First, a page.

The acquisition also enabled the organization to take a more conservative approach in its development of prospect Billy Hamilton.
Rather than rushing him to the major leagues to open the 2013 season after only a half-season at the Double-A level in 2012, signing Choo provided the Reds with the roster flexibility to keep Hamilton in Triple-A for a majority of the year.
However, with Choo—ranked as the No. 3 free agent by MLB Trade Rumors—seeking more than the seven-year, $126 million contract that Jayson Werth received from the Nationals before the 2011 season, according to Jerry Crasnick of ESPN.com (via Twitter), he may be out of the Reds’ price range.
Hamilton’s lack of production in the minor leagues this past season was disappointing, though the 23-year-old outfielder was sensational as a September call-up.
The only question is whether Hamilton convinced the organization he’s ready for an everyday role next season.
Ready or not, it appears as though the job may finally be his with the Reds’ chances of signing Choo dwindling.
As noted by Joel Sherman of the New York Post, the Reds believe that Hamilton is “ready to handle center field defensively.”
After moving from shortstop to center field last fall, Hamilton made noticeable improvements this year in regard to his jumps and routes to the ball. As one might expect given his speed, Hamilton has plus range in the outfield and can get to virtually any ball—provided it’s in the air and not over a fence.
He still needs work on his first step, but the wheels help him compensate even when the route is sketchy. His arm action at shortstop was awkward and rushed at times, but it’s played well in center field, where he can afford to have a longer stroke on the backside.
Hamilton took baseball by storm after reaching the major leagues as a September call-up, going 4-for-4 in stolen base attempts and scoring three runs as a pinch runner before logging his first career at-bat.
The Reds gave Hamilton three starts over the final month of the season to see what he could do, and the 23-year-old didn’t disappoint by batting .500 (7-for-14) with four runs scored, two doubles and six stolen bases in those games.
Overall, Hamilton was 7-for-19 (.368) with nine runs scored and 13 stolen bases in 13 games.
During his time in The Show with the Reds, Hamilton demonstrated his ability to put constant pressure on opposing defenses thanks to feet that never stop moving on the field and a mindset geared toward taking an extra base whenever possible.
Hamilton put himself on the map by stealing 103 bases in 135 games during his full-season debut at Low-A Daytona in 2011. Last season, he set a new professional record by swiping 155 bases in 132 games between High-A Bakersfield and Double-A Pensacola. He was also thrown out 37 times.
Believe it or not, Hamilton was actually more efficient on the basepaths this season. In 123 games at Triple-A Louisville, he stole 75 bases in 90 attempts (83.3 percent), not to mention the 13 he added after joining the Reds.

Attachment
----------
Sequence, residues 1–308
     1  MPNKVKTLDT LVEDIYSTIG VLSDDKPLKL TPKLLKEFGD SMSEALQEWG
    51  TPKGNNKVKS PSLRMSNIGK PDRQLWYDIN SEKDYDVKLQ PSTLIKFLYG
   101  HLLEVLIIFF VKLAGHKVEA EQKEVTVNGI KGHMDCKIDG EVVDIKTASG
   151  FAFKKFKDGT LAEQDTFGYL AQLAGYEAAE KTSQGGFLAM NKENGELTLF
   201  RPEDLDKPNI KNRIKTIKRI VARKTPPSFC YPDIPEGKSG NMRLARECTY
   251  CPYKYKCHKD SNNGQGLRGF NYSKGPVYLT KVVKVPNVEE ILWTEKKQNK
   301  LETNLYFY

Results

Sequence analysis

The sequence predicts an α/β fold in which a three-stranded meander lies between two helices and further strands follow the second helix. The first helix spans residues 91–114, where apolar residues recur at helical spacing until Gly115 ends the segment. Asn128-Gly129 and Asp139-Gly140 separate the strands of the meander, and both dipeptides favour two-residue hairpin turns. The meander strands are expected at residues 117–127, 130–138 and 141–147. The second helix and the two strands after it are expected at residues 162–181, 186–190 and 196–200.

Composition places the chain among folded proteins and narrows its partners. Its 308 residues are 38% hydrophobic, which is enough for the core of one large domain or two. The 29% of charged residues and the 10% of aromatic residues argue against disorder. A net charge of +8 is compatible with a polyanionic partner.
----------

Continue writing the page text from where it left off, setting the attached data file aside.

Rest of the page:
When Hamilton reaches base, everyone in the park knows he’s stealing. Yet, he still accomplishes the feat with relative ease.
Hamilton has the potential to eclipse 100 stolen bases in a given season during his prime. However, that’s only if he hits enough to warrant everyday playing time.
The Deal Breaker
Despite Hamilton’s ability to impact games on the basepaths, there are legitimate questions as to whether he’ll ever develop the hit tool needed to hold an everyday job in the major leagues.
As a switch-hitter, Hamilton has quick wrists from both sides of the plate, which allow him to generate above-average bat speed and be short to the ball. However, his overall inconsistency is worrisome; Hamilton struggles to keep his weight back and will lunge at too many offerings within the strike zone. And though he controls the zone relatively well, he also makes far too much weak contact for someone who projects as a dynamic leadoff hitter.
Furthermore, Hamilton has a wiry frame at 6’0”, 160 pounds that lacks physical projection. Even if he continues to mature physically in the coming years, he’ll never be regarded as strong. He actually does a decent job creating backspin carry by driving through the baseball, especially from the left side of the plate, where he showcases a more leveraged swing.
However, there’s doubt as to whether he’ll ever develop the necessary strength to make consistent hard contact in the major leagues.
Oh, Billy: 2014 Outlook
If the Reds fail to re-sign Choo this winter, they have nothing to lose by deploying Hamilton as the center fielder on Opening Day—even if he’s not 100 percent ready.
Though his numbers weren’t particularly inspiring this past season, the Reds stuck to a strict plan and handled Hamilton’s development admirably by keeping him in the minor leagues until September. But after buying him an extra year in the minors with Choo’s acquisition, it’s now time for the organization to find out what it really has in Hamilton.
With speed that grades as a 90 on the 20-80 scouting scale, the 23-year-old boasts arguably the most dynamic tool among all prospects—and perhaps soon among all major leaguers. Even though he regressed at the dish this season at the Triple-A level, the hope is that his bat will come along as he gains experience against advanced pitching—as was the case in September.
If he can develop into at least a league-average hitter, Hamilton should approach his high ceiling as one baseball’s premier top-of-the-order and up-the-middle players.
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